Dealing with rats

Discussion in 'Predators and Pests' started by CarpCharacin, Nov 11, 2019.

  1. CarpCharacin

    CarpCharacin Cyprinus carpio

    Aug 17, 2016
    Salt Lake City, UT
    My Coop
    I let my birds free range in my yard during the day, and then lock them in at night, but I have a problem with rats in the yard. I have noticed a good amount of them, and sometimes I see them eating the chicken food during the day. Any suggestions as to what to do about them? I was thinking about putting rat poison in the garage, up high where the chickens can't get it.
  2. Duck_life

    Duck_life Duck Addict

    May 14, 2019
    Woods of PA
    I have the same problem, but my rats are huge and are stealing my chickens eggs. Mine hide under the chickens coops so I'll be using rat poison under their. I don't really know how to deal with rats but that's my plan. Good luck with your rat problem.
  3. 21hens-incharge

    21hens-incharge Addict

    Mar 9, 2014
    Northern Colorado
    If putting poison out it should be in a bait box that the rats cannot haul around.

    They will drag bait out and leave it where others (chickens, cats, dogs etc) can find it.

    Be very careful with that poison please.

    If you are seeing them during the day you have many. It will take time even with poison to knock the numbers down.
    The warfarin based poisons take a LONG time to kill them. You may want to go with a heavier poison.

    Be sure to walk the property a few times a day looking for the bodies. No need for a secondary poisoning.
  4. ----------

    ---------- Chirping

    May 29, 2019
    if you get the bait boxes your chickens or dog cant get into
  5. CarpCharacin

    CarpCharacin Cyprinus carpio

    Aug 17, 2016
    Salt Lake City, UT
    My Coop
    So the bait box will prevent them from dragging the poison out?
  6. 21hens-incharge

    21hens-incharge Addict

    Mar 9, 2014
    Northern Colorado
    Bait boxes specifically made for rats yes. They prevent random drag outs of poison.
    Use the type of poison the box is designed to dispense....compressed cube, pellets etc.
  7. chrissynemetz

    chrissynemetz I want a hippopotamus for Christmas

    Dec 19, 2013
    Olathe Colorado
    I agree with @21hens-incharge if you're seeing them during the day you have lots of them. I would use poison, but do be careful, and definitely use bait boxes. Rats are awful, and in my experience they're harder to get rid of than mice. Good luck. :hmm
  8. SilkieLover7

    SilkieLover7 In the Brooder

    Nov 11, 2019
    Yes do be careful especially with the bodies because the chickens will eat them if they find them.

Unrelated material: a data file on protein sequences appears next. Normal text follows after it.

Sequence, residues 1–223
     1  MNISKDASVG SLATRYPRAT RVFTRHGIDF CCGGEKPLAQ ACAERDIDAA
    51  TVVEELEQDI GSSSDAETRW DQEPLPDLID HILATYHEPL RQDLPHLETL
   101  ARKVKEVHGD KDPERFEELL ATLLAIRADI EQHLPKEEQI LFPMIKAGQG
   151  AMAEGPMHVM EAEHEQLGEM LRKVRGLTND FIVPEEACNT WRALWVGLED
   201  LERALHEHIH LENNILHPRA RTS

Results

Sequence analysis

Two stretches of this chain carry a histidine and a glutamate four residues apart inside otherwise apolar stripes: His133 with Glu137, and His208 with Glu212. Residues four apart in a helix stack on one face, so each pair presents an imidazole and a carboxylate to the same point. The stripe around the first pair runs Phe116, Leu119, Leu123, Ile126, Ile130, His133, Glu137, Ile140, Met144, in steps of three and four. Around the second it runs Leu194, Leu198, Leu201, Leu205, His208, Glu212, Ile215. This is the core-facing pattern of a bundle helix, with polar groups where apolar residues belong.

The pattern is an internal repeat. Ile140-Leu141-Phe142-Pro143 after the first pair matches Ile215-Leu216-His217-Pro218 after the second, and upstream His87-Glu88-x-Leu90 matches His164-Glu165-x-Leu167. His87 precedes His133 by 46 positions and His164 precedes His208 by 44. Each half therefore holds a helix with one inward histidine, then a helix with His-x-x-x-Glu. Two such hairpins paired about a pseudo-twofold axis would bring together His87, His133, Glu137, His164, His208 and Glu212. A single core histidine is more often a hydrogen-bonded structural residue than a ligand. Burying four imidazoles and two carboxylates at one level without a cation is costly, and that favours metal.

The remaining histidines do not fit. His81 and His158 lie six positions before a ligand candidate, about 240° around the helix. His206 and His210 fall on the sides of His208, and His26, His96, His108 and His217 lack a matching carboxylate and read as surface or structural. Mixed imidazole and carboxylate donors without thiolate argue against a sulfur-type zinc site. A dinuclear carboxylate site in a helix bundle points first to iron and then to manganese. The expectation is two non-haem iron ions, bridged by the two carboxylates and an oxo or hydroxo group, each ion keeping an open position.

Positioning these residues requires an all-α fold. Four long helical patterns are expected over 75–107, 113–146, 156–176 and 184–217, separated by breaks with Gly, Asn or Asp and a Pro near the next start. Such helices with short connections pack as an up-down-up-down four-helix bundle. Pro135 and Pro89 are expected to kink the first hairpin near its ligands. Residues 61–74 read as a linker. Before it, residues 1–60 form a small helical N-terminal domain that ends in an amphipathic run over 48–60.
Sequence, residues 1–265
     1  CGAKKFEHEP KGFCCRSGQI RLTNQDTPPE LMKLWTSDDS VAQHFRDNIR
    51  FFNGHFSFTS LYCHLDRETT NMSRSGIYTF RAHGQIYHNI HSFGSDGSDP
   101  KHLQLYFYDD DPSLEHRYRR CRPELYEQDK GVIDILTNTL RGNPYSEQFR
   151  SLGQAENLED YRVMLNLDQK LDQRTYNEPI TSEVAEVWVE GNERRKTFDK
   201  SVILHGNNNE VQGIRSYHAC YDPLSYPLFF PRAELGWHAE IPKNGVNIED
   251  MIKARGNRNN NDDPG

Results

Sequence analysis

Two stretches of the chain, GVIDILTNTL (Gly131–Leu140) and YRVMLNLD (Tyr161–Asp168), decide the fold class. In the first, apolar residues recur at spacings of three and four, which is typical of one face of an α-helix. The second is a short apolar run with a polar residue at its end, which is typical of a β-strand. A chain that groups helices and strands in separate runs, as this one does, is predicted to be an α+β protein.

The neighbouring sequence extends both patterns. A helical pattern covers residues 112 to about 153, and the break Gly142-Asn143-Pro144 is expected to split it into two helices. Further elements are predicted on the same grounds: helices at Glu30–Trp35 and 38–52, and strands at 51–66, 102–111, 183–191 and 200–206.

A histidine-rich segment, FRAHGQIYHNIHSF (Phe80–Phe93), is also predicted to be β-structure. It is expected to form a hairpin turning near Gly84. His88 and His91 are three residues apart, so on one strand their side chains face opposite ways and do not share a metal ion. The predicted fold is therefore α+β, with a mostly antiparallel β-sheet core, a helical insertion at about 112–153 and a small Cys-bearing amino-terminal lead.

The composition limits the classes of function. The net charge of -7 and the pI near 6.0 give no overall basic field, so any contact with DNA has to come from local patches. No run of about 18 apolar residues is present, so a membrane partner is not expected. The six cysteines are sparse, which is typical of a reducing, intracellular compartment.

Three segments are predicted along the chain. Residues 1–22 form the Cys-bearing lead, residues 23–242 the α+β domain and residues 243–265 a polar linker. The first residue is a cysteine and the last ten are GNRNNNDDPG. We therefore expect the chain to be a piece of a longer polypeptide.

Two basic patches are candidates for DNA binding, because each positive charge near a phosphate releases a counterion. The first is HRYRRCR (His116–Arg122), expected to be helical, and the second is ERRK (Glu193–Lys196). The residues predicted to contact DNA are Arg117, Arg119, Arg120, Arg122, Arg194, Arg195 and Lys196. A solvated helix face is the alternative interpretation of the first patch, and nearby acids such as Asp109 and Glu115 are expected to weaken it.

9. Howard E

    Howard E Crowing

    Feb 18, 2016
    Hmmm.......seems like "deja vu all over again".......since there is another rat thread running that has covered all this.

    To the OP and others, what you are sitting on is a thriving rat colony......and to get rid of them is a multi-step process. Thread above has links to several videos that explain what you are up against......your understanding of which is critical towards you getting a jump on getting rid of them, which in summary revolves around three keys steps.

    Sanitation.......eliminating access to feed and shelter.
    Exclusion.....rat proofing your structures so rats can't get in to harm chickens, steal eggs, get to feed, etc.

    and if those two fail to starve them out so them move on.....

    Elimination: The tendency of most folks is to go straight to elimination in the form of traps, bait blocks, etc., which will likely lead to failure to rid yourself of the problem.

    Traps won't work to eliminate a colony......forget that. Provided you have taken the all important sanitation step so rats can't get to any other food source and are starving.... they may be receptive to poison bait blocks.......of which there are several layers of potency and affect. Skip the sanitation step and the rats will likely skip the bait blocks.

    BYC least some of them......are adverse to using poison bait blocks out of fear of secondary poisoning. That concern can largely be mitigated depending on the choice of bait block and delivery method. Others are not adverse at all and will gladly use the bait blocks if it will help their cause.

    Study the videos, do your homework and you will be armed with the knowledge to get rid of your rat problem.
  10. Wee Farmer Sarah

    Wee Farmer Sarah Free Ranging

    I don't have rats in my coop or run, however, this being the time of year field mice are always looking for a warm place to spend the winter. A friend of mine who is a farmer recommended a product called "RatX." It is a natural "poison" that interferes with the rodents ability to eat. It is safe to use around livestock and pets and there is no risk of secondary poisoning. Good luck with your rodent "clean-up."

BackYard Chickens is proudly sponsored by: